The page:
Abstract: The early modern Ryūkyūan play Timizi nu in (The Bond of Water in Hands) is commonly attributed to Heshikiya Chōbin (1700–1734), an aristocrat whose views on love and human nature clashed with the Ryūkyūan royal state’s Neo-Confucian orthodoxy. As a proto-Romantic outlier in the otherwise ideologically narrow early modern Ryūkyūan repertory, Timizi nu in helped shape the development of modern Okinawan theatre and remains quite popular today. This article connects Timizi nu in to its intellectual historical context and sheds light on its aesthetic characteristics, paying particular attention to its use of allusion to establish links with the Ryūkyūan and mainland Japanese literary traditions.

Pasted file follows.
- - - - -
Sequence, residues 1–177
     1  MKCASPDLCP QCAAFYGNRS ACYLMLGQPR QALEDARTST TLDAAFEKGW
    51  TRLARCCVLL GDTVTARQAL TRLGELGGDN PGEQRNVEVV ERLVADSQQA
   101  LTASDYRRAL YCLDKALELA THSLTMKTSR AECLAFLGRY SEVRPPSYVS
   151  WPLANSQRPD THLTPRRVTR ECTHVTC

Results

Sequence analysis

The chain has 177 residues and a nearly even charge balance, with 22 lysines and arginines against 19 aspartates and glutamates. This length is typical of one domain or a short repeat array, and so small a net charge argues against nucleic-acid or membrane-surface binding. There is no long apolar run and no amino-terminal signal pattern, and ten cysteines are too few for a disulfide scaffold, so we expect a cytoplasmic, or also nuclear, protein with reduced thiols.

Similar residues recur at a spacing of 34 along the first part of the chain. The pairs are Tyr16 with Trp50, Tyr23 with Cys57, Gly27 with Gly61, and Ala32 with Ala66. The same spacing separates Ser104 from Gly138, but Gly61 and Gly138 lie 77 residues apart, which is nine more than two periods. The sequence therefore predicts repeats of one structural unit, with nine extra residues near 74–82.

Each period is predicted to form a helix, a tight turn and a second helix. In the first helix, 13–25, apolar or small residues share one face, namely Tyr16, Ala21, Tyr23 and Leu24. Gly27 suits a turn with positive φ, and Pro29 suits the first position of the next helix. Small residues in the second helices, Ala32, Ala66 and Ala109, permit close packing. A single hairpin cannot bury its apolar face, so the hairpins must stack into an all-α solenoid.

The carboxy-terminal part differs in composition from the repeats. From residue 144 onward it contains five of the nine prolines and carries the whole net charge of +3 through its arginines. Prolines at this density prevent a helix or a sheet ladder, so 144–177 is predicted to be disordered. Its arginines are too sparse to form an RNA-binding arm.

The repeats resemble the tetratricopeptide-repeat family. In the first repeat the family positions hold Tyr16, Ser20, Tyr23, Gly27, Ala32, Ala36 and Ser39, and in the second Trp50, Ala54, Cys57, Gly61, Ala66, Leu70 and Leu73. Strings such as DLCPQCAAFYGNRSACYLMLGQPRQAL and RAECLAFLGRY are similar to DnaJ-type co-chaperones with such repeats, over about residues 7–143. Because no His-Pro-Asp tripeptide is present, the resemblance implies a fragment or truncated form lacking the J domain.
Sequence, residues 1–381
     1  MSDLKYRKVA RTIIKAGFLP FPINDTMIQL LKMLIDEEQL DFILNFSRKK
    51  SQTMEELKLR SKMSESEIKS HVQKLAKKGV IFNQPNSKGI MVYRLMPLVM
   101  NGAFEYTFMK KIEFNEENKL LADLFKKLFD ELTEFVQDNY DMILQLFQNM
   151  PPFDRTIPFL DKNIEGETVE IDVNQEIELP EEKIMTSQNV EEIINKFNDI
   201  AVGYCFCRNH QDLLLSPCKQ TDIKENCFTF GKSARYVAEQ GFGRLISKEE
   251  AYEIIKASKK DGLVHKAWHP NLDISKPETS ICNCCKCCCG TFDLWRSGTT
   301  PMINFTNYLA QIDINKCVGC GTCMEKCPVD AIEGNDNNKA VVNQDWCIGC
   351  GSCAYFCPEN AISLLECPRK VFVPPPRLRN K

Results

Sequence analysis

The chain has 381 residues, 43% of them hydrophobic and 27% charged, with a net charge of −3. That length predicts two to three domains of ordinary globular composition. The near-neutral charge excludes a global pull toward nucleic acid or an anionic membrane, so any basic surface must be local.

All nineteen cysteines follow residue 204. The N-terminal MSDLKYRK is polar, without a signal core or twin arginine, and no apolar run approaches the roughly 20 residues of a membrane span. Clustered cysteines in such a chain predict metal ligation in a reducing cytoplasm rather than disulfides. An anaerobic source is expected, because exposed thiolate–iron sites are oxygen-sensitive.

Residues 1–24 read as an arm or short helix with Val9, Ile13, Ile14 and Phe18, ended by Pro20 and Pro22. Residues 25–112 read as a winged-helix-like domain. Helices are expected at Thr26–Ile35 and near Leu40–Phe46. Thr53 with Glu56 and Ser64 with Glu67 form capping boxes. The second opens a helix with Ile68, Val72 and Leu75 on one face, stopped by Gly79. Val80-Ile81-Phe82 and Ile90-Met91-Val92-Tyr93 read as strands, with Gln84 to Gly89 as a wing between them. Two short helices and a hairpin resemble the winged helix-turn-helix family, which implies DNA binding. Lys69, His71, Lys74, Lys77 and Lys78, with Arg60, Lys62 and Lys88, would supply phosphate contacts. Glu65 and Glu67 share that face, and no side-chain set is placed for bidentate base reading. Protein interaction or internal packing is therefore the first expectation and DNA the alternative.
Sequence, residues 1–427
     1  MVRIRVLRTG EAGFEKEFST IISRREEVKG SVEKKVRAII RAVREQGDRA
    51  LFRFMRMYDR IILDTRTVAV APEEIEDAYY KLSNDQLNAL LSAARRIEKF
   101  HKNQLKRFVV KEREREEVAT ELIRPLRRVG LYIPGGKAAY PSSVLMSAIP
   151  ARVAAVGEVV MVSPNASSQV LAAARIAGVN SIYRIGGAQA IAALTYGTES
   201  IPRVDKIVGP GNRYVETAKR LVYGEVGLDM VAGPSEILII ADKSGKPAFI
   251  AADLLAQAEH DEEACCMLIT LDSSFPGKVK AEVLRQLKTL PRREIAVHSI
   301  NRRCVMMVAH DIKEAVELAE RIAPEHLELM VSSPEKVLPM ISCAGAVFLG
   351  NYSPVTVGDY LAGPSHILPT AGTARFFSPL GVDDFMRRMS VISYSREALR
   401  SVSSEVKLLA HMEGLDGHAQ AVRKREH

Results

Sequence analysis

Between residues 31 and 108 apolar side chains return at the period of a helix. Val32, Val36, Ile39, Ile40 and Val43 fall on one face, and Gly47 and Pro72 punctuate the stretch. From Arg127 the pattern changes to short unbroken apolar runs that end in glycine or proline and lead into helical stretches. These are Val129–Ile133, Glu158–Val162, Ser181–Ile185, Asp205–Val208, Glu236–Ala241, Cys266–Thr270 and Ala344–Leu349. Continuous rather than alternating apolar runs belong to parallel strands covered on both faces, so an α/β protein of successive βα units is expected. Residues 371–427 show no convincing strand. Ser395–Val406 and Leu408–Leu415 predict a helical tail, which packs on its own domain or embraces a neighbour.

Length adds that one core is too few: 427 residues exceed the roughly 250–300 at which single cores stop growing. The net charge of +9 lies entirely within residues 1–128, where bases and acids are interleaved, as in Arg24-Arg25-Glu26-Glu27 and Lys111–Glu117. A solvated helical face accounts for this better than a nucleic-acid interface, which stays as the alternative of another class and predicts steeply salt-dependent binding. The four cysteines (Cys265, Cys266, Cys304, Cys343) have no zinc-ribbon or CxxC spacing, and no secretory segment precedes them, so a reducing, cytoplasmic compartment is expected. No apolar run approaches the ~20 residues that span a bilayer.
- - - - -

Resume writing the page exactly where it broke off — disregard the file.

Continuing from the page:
Asian Theatre Journal – University of Hawai'I Press
Published: Aug 9, 2016
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